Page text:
On Grittar’s day of glory in 1982, the Grand National Appeal was launched to rescue the race once and for all. Having recruited a firm of professional fundraisers, the Jockey Club presented Davies with their assessment. No more than £4 million could be raised by public subscription. A new contract was drawn up and the fundraising began again. With the help of countless initiatives, money was generated towards the purchase of the course.
However, donations were not enough to buy the racecourse in time for the 1983 Grand National. It was run under the auspices of the Jockey Club after an extension had been agreed with Davies.
In 1984, Seagram Distillers stepped in as sponsors of the Grand National. They provided the solid foundation on which Aintree’s revival has been built. This enabled the course to be finally purchased from Bill Davies and to be run and managed by Jockey Club Racecourses (then known as Racecourse Holdings Trust). The Jockey Club subsidiary now consists of 14 of Britain’s 60 courses.
Ivan Straker, the Seagram UK chairman, started the ball rolling after reading a passionate newspaper article by journalist Lord Oaksey. In his riding days, Oaksey had come within three quarters of a length of winning the 1963 Grand National on Carrickbeg. The last Seagram-sponsored Grand National was in 1991. Victory went to the aptly-named Seagram whom Straker had twice had the opportunity to buy. Martell Cognac, then a Seagram subsidiary, took over sponsorship of the Grand National and the rest of the meeting in 1992. The seven-year contract was worth over £4 million.
A year later Jenny Pitman was denied a second training success in the Grand National when the race was voided due to a false start after her Esha Ness had ‘won’. Esha Ness was among a number of horses whose riders failed to notice the starter had called a false start and continued to race. Mrs Pitman’s historic first victory came with Corbiere in 1983 and she gained a second Grand National win with Royal Athlete in 1995.
Lord Gyllene won the 150th Grand National at Aintree in 1997. He was not inconvenienced by the Monday running, two days after the big race was postponed following an IRA bomb scare. The bomb alert caused the biggest evacuation in the history of the sport but, thanks to determined efforts from the Aintree management and board of directors, the Grand National took place at the unusual time of 5pm on a Monday. Full details of what happened over that eventful weekend are brilliantly captured in the book ‘Everyone Must Leave - The Day They Stopped The National’, written by Aintree’s then press officer Nigel Payne and Dominic Hart.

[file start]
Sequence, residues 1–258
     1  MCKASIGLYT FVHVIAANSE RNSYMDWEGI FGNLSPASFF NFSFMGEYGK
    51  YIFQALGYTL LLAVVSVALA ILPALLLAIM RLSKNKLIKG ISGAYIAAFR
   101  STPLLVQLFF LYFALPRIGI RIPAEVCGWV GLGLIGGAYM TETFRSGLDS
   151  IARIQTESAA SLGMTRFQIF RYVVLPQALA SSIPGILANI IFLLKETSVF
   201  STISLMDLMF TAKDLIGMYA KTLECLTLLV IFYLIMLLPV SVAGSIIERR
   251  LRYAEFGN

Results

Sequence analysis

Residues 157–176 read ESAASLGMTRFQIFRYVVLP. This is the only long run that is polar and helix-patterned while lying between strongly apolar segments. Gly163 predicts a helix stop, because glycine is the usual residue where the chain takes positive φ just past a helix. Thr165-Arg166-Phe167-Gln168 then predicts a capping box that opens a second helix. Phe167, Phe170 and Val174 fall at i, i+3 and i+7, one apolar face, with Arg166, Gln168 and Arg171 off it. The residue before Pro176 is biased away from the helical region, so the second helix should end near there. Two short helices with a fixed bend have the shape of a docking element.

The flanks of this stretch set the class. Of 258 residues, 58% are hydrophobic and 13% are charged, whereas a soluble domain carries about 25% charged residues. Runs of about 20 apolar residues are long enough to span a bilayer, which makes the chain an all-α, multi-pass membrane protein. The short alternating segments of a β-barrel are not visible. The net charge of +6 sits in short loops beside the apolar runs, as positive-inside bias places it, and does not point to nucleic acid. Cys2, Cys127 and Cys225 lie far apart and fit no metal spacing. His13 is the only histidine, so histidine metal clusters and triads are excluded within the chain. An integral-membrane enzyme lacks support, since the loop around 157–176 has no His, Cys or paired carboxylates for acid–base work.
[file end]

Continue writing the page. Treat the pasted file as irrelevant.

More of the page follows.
The 2005 National saw the start of another significant era in the Liverpool course’s history. John Smith’s, a subsidiary of Scottish & Newcastle, sponsored the Grand National and many of the other races at the three-day meeting for the first time. The impact of John Smith’s sponsorship was immediately felt and continued for nine years after an early extension of the contract.
Despite the two incidents, Martell Cognac announced a new six year sponsorship contract in the September of 1997. This started with the 1999 Grand National and extended the association with Aintree until 2004. The deal was worth a minimum of £4.5 million to Aintree over the six-year term. It was the biggest sponsorship deal in British racing history.
Bobbyjo’s victory in 1999 started an excellent run of success by Irish-trained horses in the Grand National. Martell Cognac announced in October, 2003, that it would not be continuing the long association after 2004. The cognac maker had been bought by Pernod Ricard in 2001 and the parent company had other priorities.
Suggested further reading on The Grand National
- Green, Reg The History of the Grand National
- Cottrell, John & Armytage, Marcus The Official A-Z of the Grand National
- Rimmer, Joan Aintree’s Queen Bee